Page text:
From a northern celestial hemisphere -- actually the northern hemisphere formed by the invariance plane (something I have apparently ignored) -- looking down upon any given rotating body, you and Phil prefer the right-hand rule where one imagines wrapping their right hand around the object. [If the object is spinning in the same direction the middle finger is pointing then the thumb represents the north pole, otherwise it's the south pole.] Thus, unlike the other planets, Venus and Uranus would have their north pole pointing in the direction of the southern celestial hemisphere.

    This is the same as what I meant by projection. If you project their rotation (the appropriate rotational vector component) onto the invariance plane then, looking from the northern hemisphere, it will either be clockwise or counterclockwise. Clockwise only for the planets Venus and Uranus.

    Below, to provide some relief with today's unusual work stress if nothing else, is my attempt to demonstrate the direction and relative rotation rates, with Earth having a 360 deg/day rate. Also, the planets' position (side view) above the invariance plane is included (in a color not associated with the Sun ).

    Scale model with rotations.jpg
    As I understood, Phil said that according to the IAU definition the north pole of a particular planet is the one that is north of the invariable plane. He added that he does not like it, for reasons that may or may not be compelling physics.

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    Quote Originally Posted by Hornblower View Post
    As I understood, Phil said that according to the IAU definition the north pole of a particular planet is the one that is north of the invariable plane. He added that he does not like it, for reasons that may or may not be compelling physics.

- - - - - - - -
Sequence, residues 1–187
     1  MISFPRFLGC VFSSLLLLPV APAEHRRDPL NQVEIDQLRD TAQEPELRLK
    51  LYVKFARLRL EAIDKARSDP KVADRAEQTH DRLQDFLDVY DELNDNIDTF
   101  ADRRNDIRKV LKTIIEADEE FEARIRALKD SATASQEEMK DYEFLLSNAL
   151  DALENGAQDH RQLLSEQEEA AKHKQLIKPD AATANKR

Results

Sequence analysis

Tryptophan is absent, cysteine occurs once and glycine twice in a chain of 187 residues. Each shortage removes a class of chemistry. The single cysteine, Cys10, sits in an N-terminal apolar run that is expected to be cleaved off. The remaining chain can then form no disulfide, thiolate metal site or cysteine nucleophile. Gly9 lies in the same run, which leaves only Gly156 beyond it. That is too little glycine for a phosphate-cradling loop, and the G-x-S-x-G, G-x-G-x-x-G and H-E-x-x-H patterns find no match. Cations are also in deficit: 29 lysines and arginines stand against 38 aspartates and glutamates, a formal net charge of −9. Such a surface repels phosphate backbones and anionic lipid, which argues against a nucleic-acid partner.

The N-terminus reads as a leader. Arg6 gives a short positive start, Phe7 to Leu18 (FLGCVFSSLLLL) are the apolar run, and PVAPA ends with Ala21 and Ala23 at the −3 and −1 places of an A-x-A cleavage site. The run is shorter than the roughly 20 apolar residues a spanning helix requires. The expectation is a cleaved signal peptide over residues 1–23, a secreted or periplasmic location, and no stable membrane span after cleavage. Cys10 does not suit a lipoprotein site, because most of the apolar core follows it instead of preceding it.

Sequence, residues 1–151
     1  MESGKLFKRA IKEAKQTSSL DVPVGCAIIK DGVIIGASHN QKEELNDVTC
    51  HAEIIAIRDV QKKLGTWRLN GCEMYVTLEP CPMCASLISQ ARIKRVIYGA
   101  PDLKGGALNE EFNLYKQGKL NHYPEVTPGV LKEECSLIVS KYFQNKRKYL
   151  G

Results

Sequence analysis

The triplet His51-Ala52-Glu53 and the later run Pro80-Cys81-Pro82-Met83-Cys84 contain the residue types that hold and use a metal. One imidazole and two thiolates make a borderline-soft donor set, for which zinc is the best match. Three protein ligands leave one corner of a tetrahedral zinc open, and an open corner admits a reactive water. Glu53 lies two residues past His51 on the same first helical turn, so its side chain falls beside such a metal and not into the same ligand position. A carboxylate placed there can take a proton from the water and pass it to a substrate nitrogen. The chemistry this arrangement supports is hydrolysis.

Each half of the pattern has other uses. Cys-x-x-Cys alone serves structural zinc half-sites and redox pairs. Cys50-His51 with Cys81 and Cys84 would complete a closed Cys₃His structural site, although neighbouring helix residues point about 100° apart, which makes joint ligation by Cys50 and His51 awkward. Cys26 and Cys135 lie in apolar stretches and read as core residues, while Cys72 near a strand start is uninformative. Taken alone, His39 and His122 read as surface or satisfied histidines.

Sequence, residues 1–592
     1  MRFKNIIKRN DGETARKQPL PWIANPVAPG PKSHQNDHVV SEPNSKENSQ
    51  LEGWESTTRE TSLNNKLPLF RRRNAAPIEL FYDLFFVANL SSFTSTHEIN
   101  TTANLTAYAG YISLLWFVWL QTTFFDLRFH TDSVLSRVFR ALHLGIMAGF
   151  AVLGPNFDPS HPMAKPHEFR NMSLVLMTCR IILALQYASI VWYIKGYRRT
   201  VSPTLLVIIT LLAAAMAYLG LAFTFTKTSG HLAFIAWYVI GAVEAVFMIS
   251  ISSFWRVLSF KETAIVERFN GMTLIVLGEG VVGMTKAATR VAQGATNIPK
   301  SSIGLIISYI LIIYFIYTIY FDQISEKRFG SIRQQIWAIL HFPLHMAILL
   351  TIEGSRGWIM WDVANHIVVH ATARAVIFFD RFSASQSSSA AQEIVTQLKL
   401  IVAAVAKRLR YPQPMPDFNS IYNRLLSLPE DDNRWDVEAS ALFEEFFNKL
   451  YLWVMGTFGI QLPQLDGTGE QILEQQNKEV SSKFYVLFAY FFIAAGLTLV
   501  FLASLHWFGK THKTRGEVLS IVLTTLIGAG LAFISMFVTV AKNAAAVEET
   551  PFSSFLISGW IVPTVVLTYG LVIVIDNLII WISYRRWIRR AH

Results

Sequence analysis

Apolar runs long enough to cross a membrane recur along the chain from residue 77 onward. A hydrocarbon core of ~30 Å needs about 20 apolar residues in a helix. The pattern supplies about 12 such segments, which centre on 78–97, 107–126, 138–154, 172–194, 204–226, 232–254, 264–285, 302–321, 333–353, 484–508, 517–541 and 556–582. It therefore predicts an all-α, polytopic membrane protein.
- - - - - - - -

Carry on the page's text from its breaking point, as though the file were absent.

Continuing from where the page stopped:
Yes, but I was stating the bold part in the context of what Phil favored, though not in agreement with the current IAU convention. His view does make better sense and it seems to be the convention for moons. Is this right? IOW, using the right-hand rule method, or as I prefer, simply projecting their rotation downward onto the invariable plane to determine the rotation direction, ignoring their host planet?
    We know time flies, we just can't see its wings.

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    Again, what star did you propose to Niven for his Ringworld?
    SHARKS (crossed out) MONGEESE (sic) WITH FRICKIN' LASER BEAMS ATTACHED TO THEIR HEADS

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    Quote Originally Posted by Tom Mazanec View Post
    Again, what star did you propose to Niven for his Ringworld?
    HD 512.

    Grant Hutchison

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    Ah yes. Right near the South Galactic Pole (the North Rotational pole). Thanks!

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    Quote Originally Posted by eburacum45 View Post
    Ah yes. Right near the South Galactic Pole (the North Rotational pole). Thanks!
    G3, rather than G2, and a parallax corresponding to 204 lightyears. But it's a pretty good fit, considering.

    Grant Hutchison

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    I've heard about ice giants spawning diamonds deep within--I wonder if some are scattered o the moons/rings after the impact.